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Pushing it back: depth and repoussoir 1
Repoussoir is a term you’ll see bandied about in writing about art, particularly landscape painting. It’s French for pushing back, and refers to compositional techniques used to make the distant parts of an image look further away and deeper into the picture. In this article and its sequel tomorrow,... Read more
Corydon: 2 Shepherds from staffage to social symbol
The first part of this account of shepherds and shepherdesses in paintings looked at their role in stories, from the earliest classical myths to epic English poetry. This second and concluding article looks at paintings of shepherds in landscapes, and in their own right as the motif. Nicolas Poussin,... Read more
Landscape oil sketches from Valenciennes to Pissarro
Yesterday, I commemorated here the anniversary of the death of the landscape painter who made plein air oil sketching a part of standard practice, so paving the way for the transformations which occurred in the nineteenth century and after – Pierre-Henri de Valenciennes (1750–1819). This article looks at his... Read more
Painting Reality: 5 Growth of the city
The original focus of Naturalism was the plight of the rural poor, but as it evolved and gathered momentum in the 1880s, Naturalist painters also looked at the growing problems of cities and those who tried to survive in them. In terms of sheer numbers of paintings, depictions of... Read more
Truth in (landscape) painting 3
Paul Cézanne has been repeatedly described as the ‘father’ of several of the major movements in painting which dominated its development in the twentieth century. Whether you particularly like his landscape works or not, he was a great influence and repays careful study. Over his 40 years or so... Read more
Favourite Paintings 5: Pierre-Henri de Valenciennes and Thomas Jones, Plein Air, c 1782
Two modest and simple landscapes, some of the first painted outdoors or ‘plein air’ using oil paints, which paved the way for Constable, Turner, and the Impressionists. Pierre-Henri de Valenciennes, (Title not known) (c 1783), oil on paper laid on canvas, c 18 x 28 cm, Musée du Louvre,... Read more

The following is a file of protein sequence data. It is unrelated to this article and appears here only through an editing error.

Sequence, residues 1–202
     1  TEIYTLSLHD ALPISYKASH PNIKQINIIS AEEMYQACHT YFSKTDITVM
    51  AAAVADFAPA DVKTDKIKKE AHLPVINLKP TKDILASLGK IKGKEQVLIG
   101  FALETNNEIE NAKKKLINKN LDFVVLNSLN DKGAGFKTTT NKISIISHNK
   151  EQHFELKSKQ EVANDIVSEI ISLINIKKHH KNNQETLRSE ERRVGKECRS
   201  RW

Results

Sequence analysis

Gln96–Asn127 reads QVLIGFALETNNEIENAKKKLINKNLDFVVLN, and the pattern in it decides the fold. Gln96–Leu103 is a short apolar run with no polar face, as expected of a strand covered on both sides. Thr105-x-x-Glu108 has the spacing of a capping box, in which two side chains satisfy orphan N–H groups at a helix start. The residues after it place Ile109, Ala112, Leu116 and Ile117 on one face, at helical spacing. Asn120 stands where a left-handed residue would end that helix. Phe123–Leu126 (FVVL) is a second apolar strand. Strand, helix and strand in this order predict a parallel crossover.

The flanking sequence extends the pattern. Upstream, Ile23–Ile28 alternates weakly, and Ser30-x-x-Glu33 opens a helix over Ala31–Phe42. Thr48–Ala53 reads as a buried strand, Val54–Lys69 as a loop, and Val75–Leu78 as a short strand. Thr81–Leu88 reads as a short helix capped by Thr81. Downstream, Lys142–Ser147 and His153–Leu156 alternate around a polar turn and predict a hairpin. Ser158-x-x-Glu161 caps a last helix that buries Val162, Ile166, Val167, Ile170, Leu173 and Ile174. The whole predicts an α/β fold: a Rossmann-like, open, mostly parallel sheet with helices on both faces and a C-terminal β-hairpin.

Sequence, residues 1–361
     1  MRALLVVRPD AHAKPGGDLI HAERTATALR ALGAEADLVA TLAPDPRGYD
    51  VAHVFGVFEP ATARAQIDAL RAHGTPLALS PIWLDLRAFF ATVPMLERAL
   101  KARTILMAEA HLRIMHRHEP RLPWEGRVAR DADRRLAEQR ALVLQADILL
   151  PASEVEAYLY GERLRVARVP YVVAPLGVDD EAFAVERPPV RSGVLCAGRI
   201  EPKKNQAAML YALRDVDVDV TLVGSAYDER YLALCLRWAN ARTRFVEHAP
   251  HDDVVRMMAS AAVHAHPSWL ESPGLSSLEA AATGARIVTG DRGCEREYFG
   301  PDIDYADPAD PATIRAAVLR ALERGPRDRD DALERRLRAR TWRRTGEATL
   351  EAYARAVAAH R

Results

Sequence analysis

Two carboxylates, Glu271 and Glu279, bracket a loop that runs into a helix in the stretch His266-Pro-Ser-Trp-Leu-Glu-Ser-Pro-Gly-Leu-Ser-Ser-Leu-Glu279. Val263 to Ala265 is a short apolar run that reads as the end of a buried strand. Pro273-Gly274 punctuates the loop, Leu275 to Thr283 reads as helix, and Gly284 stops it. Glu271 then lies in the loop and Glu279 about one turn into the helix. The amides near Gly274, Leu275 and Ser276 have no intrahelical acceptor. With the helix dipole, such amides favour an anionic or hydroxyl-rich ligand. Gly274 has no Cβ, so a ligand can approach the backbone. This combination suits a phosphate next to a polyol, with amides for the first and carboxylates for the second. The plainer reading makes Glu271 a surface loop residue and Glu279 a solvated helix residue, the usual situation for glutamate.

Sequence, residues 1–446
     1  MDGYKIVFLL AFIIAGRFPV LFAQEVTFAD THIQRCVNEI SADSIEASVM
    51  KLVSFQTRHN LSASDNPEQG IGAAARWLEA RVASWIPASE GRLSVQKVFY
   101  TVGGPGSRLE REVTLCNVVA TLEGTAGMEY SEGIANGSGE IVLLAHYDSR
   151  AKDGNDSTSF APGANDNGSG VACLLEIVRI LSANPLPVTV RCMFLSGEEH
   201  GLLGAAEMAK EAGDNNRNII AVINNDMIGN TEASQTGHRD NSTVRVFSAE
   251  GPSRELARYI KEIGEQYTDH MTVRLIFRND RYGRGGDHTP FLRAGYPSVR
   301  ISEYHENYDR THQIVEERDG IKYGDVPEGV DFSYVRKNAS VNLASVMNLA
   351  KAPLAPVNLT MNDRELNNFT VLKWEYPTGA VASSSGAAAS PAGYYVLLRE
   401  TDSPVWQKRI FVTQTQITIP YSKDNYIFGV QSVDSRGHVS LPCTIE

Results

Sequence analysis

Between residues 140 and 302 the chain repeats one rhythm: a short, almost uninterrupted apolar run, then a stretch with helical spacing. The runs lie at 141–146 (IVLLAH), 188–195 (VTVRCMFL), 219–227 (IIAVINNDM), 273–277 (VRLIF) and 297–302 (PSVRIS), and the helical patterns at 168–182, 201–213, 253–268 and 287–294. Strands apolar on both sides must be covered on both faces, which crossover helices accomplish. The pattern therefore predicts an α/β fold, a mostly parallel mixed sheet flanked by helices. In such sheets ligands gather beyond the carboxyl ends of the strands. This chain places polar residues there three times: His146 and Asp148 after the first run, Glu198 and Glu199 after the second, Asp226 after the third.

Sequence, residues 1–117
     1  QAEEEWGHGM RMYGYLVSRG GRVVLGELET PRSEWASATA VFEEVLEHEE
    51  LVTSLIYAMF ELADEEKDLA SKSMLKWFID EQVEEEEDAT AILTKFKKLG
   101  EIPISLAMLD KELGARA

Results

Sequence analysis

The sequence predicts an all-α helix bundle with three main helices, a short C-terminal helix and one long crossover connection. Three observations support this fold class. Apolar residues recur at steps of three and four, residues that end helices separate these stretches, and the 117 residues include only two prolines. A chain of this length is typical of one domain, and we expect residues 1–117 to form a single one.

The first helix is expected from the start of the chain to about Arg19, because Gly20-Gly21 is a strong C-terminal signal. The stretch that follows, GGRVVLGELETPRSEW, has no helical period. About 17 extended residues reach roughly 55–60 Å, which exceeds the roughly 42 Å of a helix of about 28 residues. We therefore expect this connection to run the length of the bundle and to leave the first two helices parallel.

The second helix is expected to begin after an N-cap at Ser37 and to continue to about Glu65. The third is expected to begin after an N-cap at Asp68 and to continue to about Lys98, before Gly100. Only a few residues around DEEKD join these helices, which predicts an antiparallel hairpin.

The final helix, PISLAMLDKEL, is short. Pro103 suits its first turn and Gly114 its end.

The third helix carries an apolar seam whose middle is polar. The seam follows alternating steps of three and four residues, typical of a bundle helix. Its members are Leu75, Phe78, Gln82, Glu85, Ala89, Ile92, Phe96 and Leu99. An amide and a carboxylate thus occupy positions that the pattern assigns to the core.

Favourite Paintings 5: Pierre-Henri de Valenciennes and Thomas Jones, Plein Air, c 1782
Two modest and simple landscapes, some of the first painted outdoors or ‘plein air’ using oil paints, which paved the way for Constable, Turner, and the Impressionists. Pierre-Henri de Valenciennes, (Title not known) (c 1783), oil on paper laid on canvas, c 18 x 28 cm, Musée du Louvre,... Read more
Favourite Paintings 7: Camille Pissarro, Setting Sun and Fog, Éragny, 1891
A simply golden landscape at sunset, by the central figure in Impressionism and father of Post-Impressionism. Painter Jacob Abraham Camille Pissarro Painting Setting Sun and Fog, Éragny Year 1891 Media oil on canvas Dimensions 54 x 65 cm (21.3 x 25.6 in) Collection Private collection The Painting Sunset behind... Read more
Favourite Paintings 10: Paul Signac, Notre-Dame-de-la-Garde (La Bonne-Mère), Marseille, 1905-6
A luminous painting of the port of Marseille in dawn light, looking up towards the ‘Good Mother’ church, marks the height of both Neo-Impressionism and Fauvism. Painter Paul Victor Jules Signac Painting Notre-Dame-de-la-Garde (La Bonne-Mère), Marseille Year 1905-6 Media oil on canvas Dimensions 88.9 x 116.2 cm (35 x... Read more
Favourite Paintings 1-11: Overview
1: Jan van Eyck (c 1385 – c 9 July 1441) The Madonna of Chancellor Rolin (‘The Rolin Madonna’) Jan van Eyck, The Madonna of Chancellor Rolin (c 1435) oil on panel, 66 x 62 cm. Musée du Louvre, Paris (WikiArt). As the Masters in the South got to... Read more